You must have at least Artifact Registry Writer access to the repository.

    Run the following command to create a new repository. The command uses the --async flag and returns immediately, without waiting for the operation in progress to complete.

    gcloud artifacts repositories create REPOSITORY \
       --repository-format=docker \
       --location=LOCATION \
       --async
    

    Replace REPOSITORY with a name for your repository. For each repository location in a project, repository names must be unique.

  2. Create the Dockerfile.

    For packages to be part of the Apache Beam container, you must specify them as part of the requirements.txt file. Ensure that you don't specify apache-beam as part of the requirements.txt file. The Apache Beam container already has apache-beam.

  3. Before you can push or pull images, configure Docker to authenticate requests for Artifact Registry. To set up authentication to Docker repositories, run the following command:

    gcloud auth configure-docker LOCATION-docker.pkg.dev
    

    The command updates your Docker configuration. You can now connect with Artifact Registry in your Google Cloud project to push images.

  4. Build the Docker image using your Dockerfile with Cloud Build.

    Update path in the following command to match the Dockerfile that you created. This command builds the file and pushes it to your Artifact Registry repository.

    gcloud builds submit --tag LOCATION-docker.pkg.dev/PROJECT_ID/REPOSITORY/dataflow/cpp_beam_container:latest .
    

Package the code and dependencies in a Docker container

  1. To run this pipeline in a distributed environment, package the code and dependencies into a docker container.

    docker build . -t cpp_beam_container
    
  2. After you package the code and dependencies, you can run the pipeline locally to test it.

    python pipeline.py \
       --runner=PortableRunner \
       --job_endpoint=embed \
       --environment_type=DOCKER \
       --environment_config="docker.io/library/cpp_beam_container"
    

    This command writes the output inside the Docker image. To view the output, run the pipeline with the --output, and write the output to a Cloud Storage bucket. For example, run the following command.

    python pipeline.py \
       --runner=PortableRunner \
       --job_endpoint=embed \
       --environment_type=DOCKER \
       --environment_config="docker.io/library/cpp_beam_container" \
       --output=gs://BUCKET_NAME/out.png
    

Run the pipeline

You can now run the Apache Beam pipeline in Dataflow by referring to the file with the pipeline code and passing the parameters required by the pipeline.

In your shell or terminal, run the pipeline with the Dataflow Runner.

python pipeline.py \
    --runner=DataflowRunner \
    --project=PROJECT_ID \
    --region=REGION \
    --temp_location=gs://BUCKET_NAME/tmp \
    --sdk_container_image="LOCATION-docker.pkg.dev/PROJECT_ID/REPOSITORY/dataflow/cpp_beam_container:latest" \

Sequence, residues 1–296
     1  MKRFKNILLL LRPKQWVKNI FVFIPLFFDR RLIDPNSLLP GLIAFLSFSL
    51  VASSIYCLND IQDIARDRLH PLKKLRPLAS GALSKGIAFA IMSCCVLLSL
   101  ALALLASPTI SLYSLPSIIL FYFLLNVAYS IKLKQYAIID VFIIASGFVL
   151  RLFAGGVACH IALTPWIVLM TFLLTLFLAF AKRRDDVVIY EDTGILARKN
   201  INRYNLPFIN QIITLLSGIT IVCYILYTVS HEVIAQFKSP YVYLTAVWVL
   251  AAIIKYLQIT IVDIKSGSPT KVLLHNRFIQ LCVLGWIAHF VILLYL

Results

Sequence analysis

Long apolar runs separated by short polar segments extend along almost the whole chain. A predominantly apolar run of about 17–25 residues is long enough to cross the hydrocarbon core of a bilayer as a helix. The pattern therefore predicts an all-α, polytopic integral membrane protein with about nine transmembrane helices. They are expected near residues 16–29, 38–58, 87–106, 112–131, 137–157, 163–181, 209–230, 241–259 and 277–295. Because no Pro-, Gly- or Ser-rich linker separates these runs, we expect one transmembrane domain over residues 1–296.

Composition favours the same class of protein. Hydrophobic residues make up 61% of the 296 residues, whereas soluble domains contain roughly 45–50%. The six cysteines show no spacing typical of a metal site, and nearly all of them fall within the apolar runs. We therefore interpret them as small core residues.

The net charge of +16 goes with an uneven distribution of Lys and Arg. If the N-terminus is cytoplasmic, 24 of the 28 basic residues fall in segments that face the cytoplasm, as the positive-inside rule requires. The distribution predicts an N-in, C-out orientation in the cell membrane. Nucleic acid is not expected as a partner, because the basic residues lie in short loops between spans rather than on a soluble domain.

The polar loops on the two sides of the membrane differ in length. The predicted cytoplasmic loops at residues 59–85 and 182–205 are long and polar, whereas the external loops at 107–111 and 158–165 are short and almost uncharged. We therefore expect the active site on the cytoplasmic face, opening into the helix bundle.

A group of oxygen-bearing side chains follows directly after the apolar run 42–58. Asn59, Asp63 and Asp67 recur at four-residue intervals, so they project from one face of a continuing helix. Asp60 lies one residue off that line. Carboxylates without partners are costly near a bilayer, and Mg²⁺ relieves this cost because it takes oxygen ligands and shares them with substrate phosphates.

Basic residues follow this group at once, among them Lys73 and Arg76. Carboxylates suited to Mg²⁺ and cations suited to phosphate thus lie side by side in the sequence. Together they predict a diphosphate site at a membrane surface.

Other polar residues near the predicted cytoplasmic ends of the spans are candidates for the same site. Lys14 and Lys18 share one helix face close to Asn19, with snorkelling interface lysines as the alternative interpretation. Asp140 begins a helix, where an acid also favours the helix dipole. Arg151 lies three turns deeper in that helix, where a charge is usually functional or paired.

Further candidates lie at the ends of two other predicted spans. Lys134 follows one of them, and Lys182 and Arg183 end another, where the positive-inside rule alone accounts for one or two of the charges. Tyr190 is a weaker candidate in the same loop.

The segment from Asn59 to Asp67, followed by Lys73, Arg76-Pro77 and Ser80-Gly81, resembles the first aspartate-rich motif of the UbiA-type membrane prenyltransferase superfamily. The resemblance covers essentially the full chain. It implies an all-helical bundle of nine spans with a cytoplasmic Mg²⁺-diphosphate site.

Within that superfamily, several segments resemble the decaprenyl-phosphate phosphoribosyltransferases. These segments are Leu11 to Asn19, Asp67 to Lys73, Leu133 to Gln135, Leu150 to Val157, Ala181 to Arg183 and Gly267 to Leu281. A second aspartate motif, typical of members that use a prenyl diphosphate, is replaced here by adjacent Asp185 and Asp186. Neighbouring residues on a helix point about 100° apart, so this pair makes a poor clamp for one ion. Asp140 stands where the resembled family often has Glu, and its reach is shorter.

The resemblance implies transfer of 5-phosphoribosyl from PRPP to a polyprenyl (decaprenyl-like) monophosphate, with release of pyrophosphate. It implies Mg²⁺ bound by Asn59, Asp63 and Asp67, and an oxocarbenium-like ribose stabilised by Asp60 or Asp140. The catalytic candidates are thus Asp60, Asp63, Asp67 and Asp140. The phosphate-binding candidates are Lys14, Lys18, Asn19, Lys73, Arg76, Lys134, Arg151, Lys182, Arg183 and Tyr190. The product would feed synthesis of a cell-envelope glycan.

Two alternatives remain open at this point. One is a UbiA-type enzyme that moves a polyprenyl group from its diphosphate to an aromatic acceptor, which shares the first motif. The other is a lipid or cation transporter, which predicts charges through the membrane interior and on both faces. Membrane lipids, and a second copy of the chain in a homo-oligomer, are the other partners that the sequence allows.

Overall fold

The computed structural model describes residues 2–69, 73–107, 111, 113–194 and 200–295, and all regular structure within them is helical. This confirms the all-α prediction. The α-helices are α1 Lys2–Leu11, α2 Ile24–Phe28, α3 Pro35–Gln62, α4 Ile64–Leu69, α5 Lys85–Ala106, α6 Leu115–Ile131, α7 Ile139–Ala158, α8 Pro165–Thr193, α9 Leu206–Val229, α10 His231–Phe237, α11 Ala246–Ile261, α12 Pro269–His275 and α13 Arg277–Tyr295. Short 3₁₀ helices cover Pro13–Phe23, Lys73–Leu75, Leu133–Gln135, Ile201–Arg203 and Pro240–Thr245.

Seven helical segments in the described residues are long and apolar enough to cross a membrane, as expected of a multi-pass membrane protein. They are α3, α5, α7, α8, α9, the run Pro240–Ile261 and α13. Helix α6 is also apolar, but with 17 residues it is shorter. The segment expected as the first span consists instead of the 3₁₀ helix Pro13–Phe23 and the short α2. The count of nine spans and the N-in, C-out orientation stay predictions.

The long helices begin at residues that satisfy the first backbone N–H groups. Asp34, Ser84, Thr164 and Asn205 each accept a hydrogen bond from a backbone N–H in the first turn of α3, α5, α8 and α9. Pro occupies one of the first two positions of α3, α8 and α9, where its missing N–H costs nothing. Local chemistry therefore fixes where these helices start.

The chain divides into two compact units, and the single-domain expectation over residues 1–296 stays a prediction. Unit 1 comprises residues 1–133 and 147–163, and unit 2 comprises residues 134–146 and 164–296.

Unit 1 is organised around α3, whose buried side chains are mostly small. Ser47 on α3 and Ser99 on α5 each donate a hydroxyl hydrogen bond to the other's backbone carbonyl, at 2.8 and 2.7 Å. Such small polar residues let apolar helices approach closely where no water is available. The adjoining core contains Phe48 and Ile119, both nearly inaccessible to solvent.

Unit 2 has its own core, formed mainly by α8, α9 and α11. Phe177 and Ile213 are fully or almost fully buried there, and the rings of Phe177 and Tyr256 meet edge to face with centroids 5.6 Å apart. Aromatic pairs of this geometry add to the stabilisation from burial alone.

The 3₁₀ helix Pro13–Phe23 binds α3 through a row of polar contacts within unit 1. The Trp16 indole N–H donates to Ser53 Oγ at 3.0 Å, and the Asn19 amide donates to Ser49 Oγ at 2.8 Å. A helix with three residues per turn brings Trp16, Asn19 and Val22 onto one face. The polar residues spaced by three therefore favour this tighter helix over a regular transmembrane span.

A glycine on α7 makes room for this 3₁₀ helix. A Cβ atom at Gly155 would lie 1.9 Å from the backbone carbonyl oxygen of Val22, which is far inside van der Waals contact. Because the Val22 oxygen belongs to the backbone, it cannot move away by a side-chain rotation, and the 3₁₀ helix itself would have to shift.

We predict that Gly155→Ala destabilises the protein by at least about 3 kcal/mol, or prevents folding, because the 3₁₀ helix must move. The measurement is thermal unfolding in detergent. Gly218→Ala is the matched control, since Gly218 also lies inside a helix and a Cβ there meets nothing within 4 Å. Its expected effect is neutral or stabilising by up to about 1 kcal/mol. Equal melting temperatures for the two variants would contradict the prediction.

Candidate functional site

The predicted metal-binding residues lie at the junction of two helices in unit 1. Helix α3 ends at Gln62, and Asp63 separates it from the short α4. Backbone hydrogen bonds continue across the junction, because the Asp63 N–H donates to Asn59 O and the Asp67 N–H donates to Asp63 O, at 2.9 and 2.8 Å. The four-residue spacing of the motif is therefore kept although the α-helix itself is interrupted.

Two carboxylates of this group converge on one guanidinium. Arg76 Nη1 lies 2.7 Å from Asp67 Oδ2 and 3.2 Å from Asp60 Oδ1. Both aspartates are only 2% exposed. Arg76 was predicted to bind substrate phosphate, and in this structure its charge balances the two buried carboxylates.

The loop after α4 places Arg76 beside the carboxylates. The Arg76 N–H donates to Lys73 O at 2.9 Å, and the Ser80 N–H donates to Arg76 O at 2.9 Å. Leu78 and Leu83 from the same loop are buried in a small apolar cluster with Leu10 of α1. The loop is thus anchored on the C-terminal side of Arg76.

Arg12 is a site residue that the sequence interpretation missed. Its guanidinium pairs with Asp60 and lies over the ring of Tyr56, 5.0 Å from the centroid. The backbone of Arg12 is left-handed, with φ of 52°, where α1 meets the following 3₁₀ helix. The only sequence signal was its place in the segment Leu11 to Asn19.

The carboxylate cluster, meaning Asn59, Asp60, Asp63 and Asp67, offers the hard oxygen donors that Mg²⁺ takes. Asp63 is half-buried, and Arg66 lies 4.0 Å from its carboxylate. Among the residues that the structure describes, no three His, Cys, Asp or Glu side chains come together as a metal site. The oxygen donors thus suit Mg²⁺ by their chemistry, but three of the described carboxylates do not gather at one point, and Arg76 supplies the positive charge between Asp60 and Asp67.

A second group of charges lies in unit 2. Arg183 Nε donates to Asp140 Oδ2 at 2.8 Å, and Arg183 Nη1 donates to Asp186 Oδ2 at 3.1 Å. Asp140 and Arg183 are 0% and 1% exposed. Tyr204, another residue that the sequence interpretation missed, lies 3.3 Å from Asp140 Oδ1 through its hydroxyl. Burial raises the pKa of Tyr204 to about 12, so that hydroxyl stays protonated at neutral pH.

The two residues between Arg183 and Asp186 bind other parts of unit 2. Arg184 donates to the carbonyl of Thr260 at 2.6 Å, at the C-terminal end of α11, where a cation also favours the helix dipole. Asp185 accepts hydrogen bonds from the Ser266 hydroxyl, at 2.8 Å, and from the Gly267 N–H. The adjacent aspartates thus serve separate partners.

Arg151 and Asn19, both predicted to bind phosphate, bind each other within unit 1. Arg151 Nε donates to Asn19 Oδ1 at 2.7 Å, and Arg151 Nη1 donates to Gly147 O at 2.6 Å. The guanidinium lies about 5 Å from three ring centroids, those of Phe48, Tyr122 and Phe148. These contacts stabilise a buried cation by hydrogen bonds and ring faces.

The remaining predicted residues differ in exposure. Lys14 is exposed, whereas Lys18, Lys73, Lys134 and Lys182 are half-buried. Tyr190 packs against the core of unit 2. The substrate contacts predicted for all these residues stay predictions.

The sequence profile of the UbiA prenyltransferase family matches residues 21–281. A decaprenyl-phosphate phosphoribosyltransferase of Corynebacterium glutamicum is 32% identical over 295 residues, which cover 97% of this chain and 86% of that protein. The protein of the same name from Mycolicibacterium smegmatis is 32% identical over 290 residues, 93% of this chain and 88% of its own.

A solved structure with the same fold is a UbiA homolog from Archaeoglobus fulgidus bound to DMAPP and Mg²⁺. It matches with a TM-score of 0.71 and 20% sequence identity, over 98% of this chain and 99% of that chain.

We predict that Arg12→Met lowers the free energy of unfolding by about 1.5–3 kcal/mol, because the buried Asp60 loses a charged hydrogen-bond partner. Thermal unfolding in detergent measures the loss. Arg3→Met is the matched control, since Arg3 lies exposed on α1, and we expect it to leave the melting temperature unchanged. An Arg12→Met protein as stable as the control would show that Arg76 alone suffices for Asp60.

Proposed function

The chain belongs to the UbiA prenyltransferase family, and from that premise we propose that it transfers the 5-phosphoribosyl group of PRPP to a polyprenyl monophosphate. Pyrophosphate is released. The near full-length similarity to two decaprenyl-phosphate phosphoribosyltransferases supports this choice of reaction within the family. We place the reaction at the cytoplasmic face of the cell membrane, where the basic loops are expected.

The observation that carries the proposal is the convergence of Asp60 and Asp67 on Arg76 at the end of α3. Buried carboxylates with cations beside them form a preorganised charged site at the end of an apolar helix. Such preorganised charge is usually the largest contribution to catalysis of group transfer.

--experiment=use_runner_v2 \
    --output=gs://BUCKET_NAME/out.png

After you execute the command to run the pipeline, the Dataflow returns a Job ID with the job status Queued. It might take several minutes before the job status reaches Running and you can access the job graph.

View your results

View data written to your Cloud Storage bucket. Use the gcloud storage ls command to list the contents at the top level of your bucket:

gcloud storage ls gs://BUCKET_NAME

If successful, the command returns a message similar to:

gs://BUCKET_NAME/out.png

Clean up

To avoid incurring charges to your Google Cloud account for the resources used in this tutorial, either delete the project that contains the resources, or keep the project and delete the individual resources.

Delete the project

The easiest way to eliminate billing is to delete the Google Cloud project that you created for the tutorial.

  1. In the Google Cloud console, go to the Manage resources page.

    Go to Manage resources

  2. In the project list, select the project that you want to delete, and then click Delete.
  3. In the dialog, type the project ID, and then click Shut down to delete the project.

Delete the individual resources

If you want to reuse the project, then delete the resources that you created for the tutorial.

Clean up Google Cloud project resources

  1. Delete the Artifact Registry repository.

    gcloud artifacts repositories delete REPOSITORY \
       --location=LOCATION --async
    
  2. Delete the Cloud Storage bucket. This bucket alone does not incur any charges.

    gcloud storage rm gs://BUCKET_NAME --recursive
    

Revoke credentials

  1. Revoke the roles that you granted to the user-managed worker service account. Run the following command once for each of the following IAM roles:

    • roles/dataflow.admin
    • roles/dataflow.worker
    • roles/storage.objectAdmin
    • roles/artifactregistry.reader
    gcloud projects remove-iam-policy-binding PROJECT_ID \
      --member=serviceAccount:parallelpipeline@PROJECT_ID.iam.gserviceaccount.com \
      --role=SERVICE_ACCOUNT_ROLE
  2. Optional: Revoke the authentication credentials that you created, and delete the local credential file.

    gcloud auth application-default revoke
  3. Optional: Revoke credentials from the gcloud CLI.

    gcloud auth revoke

What's next